Perceived Personal Gains
There are circumstances where some victims may not leave an abusive relationship because of some form of personal benefits the victim enjoys or perceive to enjoy as a result of the relationship they have with the abuser. This could be direct or indirect financial gain, victims' social status, abuser's social or business networks.
Abusers are usually tactical about exerting control and instilling fear in their victims usually by initially ensuring their targets trust them, then affirm their victims with a committed relationship afterwards. The different forms of abusive behaviours are often subtle and unleashed gradually in such a way the victim may not notice soon enough. Through coercive control, manipulation and gaslighting the victim is gradually stripped of their own self-identity and self-esteem which then make it difficult for them to even realise that they're being abused as they begin to doubt themselves and their own reality.
Economic Abuse/Financial dependency
Abusers are often controlling. Many victims of abuse are often prevented from working or running any form of business so that the abuser can control and intimidate them. There could be threats to withdraw financial support for the woman or the children if the woman leaves the relationship. In many cases where there's financial or economic abuse, limited access to funds or absolute lack of financial independence make it difficult for victims to leave the abuser.
A greater degree of the fear experienced by victims of domestic abuse comes primarily from the fear instilled by the abuser. Other fears could be fear of being alone, fear of rejection by family members and close friends, fear of being judged, condemned or chastised by the society. Fear of not being believed about the abuse because many abusers usually have an aura of positive and responsible outward appearance. Fear of uncertainty, fear of failure based on personal beliefs, fear of starting life all over again especially where the victims have been grossly controlled or prevented from making any independent decisions. There's also the fear of becoming a single parent or raising children alone considering the general misconceptions of children raised by single parents becoming vulnerable to unruly behaviour in the society or ending up in the prison accompanied by the broken home syndrome. More on that in next point below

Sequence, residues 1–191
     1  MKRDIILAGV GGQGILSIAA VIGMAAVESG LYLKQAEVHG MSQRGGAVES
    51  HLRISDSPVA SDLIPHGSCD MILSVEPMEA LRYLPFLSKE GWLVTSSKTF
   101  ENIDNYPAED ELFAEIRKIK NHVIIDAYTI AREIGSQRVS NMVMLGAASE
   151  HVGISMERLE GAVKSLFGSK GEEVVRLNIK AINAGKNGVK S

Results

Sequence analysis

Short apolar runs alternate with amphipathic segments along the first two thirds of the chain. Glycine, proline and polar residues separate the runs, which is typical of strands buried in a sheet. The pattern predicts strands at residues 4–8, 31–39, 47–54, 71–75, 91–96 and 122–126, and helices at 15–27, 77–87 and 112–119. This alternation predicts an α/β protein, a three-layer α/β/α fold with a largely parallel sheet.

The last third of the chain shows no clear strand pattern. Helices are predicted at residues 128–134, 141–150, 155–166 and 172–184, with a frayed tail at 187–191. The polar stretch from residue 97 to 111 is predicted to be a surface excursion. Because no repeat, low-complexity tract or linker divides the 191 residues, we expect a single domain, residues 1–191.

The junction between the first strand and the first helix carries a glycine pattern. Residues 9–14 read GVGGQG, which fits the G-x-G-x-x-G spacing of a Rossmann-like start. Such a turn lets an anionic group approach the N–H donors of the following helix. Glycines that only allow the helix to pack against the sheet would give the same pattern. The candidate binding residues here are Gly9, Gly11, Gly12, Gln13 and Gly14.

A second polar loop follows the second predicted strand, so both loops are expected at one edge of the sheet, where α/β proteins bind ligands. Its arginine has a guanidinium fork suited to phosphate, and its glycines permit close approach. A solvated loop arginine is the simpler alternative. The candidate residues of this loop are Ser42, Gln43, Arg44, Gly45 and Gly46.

Children & The Broken-Home Syndrome
I've often heard victims of domestic abuse say they only remain in the relationship for the sake of the children. Also, many women especially are also often ill-advised to stay in an abusive relationship for the same reason. The thing is, domestic abuse affects the children directly as much as it affects the parent being abused.
Children should not and must not be raised either in a toxic environment or by a toxic person. Most parents are usually their children's first teachers and heroes. The home is the primary learning environment for children who usually learn by what they see. Exposure to domestic abuse is often traumatic for children. It's one of the reasons we are now faced with a generation of broken adults with unresolved childhood trauma from direct or indirect traumatic experiences such as sexual violence, being yelled at, abandonment, condemnation or loss of a loved one
The broken home syndrome is a misguided notion of a single parent household being referred to as a 'broken home'. Whereas, the reality is that a broken home is, in fact, a highly dysfunctional home where there has been exposure to any form of domestic abuse or substance misuse and not a single parent household. Many successful world known leaders today were raised by single parents.
Shame & Isolation